Mitch Sonies is the founder and CEO of Cloudsmith, the developer of Stack Hammer, a Puppet-based SaaS application for creating and deploying software stacks to the cloud, and Geppetto, an IDE for Puppet module developers.
It’s official: Puppet Labs and Cloudsmith are now one company. (Actually, this has been true for a month, but “official” news sometimes travels a bit more slowly!) Speaking for those of us on the Cloudsmith side, the transition was frictionless, the first month has been great and we’re thrilled to be part of the team.
The easiest way to explain how much sense this makes is to look back at the last two years and see how we got here. Our founding ideas were pretty similar to Puppet Labs’ ideas — basically, “why not treat everything like it’s code?” Anyone, anywhere, with the description of your system and access to the resources should be able to click a button (or type a command) and get the same result you get, every time they try.
But there were a few differences as well. First, we focused primarily on what the Puppet Labs folks would call the “application” — the software above the operating system that ends up running on the compute infrastructure — rather than the infrastructure itself. Second, we’re developers, not sysadmins, so we focused on those users we know best: dev teams that also deploy, and devops with the emphasis on “dev.” Third, we knew our users had fewer obstacles in moving to the cloud, so we envisioned a SaaS product with a workflow that starts at GitHub and ends at Amazon/AWS.
We’d been active in open source for years, and we wanted to build on top of an existing community. Of the handful of alternatives, only Puppet made complete technical sense to us (model-driven, not tied to a particular development technology, really flexible, etc.). It also seemed to have the most momentum.
But the key considerations were the people and culture around the technology. We needed the commercial sponsor to keep a level playing field in open source, and we wanted to cooperate until we actually had to compete. We felt we could trust Luke and everyone else we met at Puppet Labs, more or less from our first meeting in Portland.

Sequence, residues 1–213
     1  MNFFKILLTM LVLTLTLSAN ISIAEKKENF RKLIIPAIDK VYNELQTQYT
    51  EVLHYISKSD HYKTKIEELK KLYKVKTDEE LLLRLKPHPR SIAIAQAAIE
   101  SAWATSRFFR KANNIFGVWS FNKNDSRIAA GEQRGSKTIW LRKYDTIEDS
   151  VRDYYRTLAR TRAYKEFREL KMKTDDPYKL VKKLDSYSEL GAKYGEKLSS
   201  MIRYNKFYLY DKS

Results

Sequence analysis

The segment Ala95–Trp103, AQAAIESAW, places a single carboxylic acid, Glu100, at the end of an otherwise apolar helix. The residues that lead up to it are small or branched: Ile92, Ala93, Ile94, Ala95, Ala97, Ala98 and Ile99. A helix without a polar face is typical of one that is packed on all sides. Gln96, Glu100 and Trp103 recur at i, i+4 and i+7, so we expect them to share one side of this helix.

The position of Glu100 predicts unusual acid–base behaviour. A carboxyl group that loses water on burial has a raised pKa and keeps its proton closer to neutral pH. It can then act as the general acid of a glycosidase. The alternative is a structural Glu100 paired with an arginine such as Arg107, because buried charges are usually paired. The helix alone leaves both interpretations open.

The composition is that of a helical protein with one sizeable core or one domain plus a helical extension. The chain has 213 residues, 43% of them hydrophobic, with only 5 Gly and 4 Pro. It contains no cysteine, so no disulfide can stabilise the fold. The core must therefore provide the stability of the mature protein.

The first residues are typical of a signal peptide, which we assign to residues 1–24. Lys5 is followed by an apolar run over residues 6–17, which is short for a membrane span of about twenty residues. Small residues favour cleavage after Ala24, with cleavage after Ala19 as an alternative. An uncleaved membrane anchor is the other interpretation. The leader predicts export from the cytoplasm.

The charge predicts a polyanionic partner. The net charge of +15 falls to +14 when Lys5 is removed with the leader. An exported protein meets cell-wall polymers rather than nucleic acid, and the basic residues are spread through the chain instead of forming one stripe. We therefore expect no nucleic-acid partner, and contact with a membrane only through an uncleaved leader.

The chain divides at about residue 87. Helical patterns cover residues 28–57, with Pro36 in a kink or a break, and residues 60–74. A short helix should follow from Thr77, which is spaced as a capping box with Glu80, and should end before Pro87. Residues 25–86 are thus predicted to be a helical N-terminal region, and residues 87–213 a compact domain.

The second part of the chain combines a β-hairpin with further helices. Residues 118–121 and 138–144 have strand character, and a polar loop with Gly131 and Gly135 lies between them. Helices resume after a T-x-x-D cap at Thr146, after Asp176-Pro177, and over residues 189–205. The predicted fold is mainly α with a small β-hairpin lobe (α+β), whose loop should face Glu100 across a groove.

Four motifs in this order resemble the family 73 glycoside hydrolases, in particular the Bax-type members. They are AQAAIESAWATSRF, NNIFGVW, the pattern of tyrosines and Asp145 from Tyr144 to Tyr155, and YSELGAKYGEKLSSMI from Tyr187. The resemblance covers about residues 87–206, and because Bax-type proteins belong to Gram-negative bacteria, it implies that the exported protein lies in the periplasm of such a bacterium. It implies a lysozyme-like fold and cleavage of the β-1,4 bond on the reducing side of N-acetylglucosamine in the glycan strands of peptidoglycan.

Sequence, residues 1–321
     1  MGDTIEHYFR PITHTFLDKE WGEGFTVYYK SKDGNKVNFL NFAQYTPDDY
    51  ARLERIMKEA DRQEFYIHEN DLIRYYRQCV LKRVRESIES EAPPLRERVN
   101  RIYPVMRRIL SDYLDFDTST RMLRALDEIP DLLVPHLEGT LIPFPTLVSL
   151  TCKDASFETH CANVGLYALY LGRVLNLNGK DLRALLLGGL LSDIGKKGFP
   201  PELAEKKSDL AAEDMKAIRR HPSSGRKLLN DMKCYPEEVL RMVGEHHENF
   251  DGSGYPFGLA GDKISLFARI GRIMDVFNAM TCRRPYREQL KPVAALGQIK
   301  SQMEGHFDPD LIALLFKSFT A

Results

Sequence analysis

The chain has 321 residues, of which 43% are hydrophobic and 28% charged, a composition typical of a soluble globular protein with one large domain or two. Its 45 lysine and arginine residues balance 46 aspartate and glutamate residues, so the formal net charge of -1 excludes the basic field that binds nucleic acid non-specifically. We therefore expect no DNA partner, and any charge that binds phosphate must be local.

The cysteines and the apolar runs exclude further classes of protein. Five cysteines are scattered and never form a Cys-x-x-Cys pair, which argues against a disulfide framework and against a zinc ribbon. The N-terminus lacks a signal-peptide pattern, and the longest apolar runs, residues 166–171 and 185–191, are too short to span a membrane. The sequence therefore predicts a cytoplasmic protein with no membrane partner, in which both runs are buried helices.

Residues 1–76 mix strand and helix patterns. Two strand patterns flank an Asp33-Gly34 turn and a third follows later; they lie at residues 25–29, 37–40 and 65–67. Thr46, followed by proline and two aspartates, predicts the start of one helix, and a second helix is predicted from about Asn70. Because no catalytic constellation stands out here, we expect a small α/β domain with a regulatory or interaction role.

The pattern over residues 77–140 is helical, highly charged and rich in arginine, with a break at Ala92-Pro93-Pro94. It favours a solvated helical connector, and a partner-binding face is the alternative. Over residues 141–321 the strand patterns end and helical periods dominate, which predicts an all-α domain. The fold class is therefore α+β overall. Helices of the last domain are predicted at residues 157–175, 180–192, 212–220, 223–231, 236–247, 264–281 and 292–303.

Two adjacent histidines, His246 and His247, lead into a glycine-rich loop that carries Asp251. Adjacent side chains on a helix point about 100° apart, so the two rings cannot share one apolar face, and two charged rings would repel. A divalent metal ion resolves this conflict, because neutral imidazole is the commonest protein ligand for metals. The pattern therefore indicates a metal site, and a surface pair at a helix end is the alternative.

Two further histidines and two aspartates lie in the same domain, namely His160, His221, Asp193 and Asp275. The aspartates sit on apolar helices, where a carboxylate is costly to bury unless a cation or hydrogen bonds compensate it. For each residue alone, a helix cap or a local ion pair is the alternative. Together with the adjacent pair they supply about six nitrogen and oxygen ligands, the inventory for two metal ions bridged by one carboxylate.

The last two years went pretty much as we’d hoped. We were able to build two SaaS products on Puppet (Stack Hammer and Wham!) that worked exactly how we wanted. We found a way to both target developers and contribute to the community by developing an open source Puppet IDE, Geppetto, aimed primarily at Java developers (I personally thought it was a ridiculous idea, but I was totally wrong). Our collaboration with the Puppet Labs team got closer and closer.
By late last year, it was fairly hard to come up with a reason not to join forces. We were still completely aligned in terms of technology, complementary in terms of focus and experience and we knew each other really, really well. We took our time closing the acquisition, essentially integrating the two organizations as we went, so that we were able to function as a single company the day after the transaction closed.
We look forward to continuing what we started at Cloudsmith now that we’re part of the market leader, Puppet Labs.
A few FAQs
What’s happening to the Cloudsmith team?
We’re all staying on as employees of Puppet Labs!
Will Puppet Labs be actively supporting the Geppetto community?
Absolutely. Future development of Geppetto, and support of its 10,000+ user community, are top priorities going forward.
What’s happening to Stack Hammer?
We’ll have more to say at PuppetConf next month. For now, suffice it to say that both the technology and product capabilities found in Stack Hammer will live on with Puppet Labs.
Is anyone moving to Portland?
Not unless they want to! The Cloudsmith team is distributed through the EU and North America. In fact, we’ll be adding to some of these new locations - the Czech Republic, for example.
Are you disclosing price or other terms of the acquisition?
Acquisition details are confidential.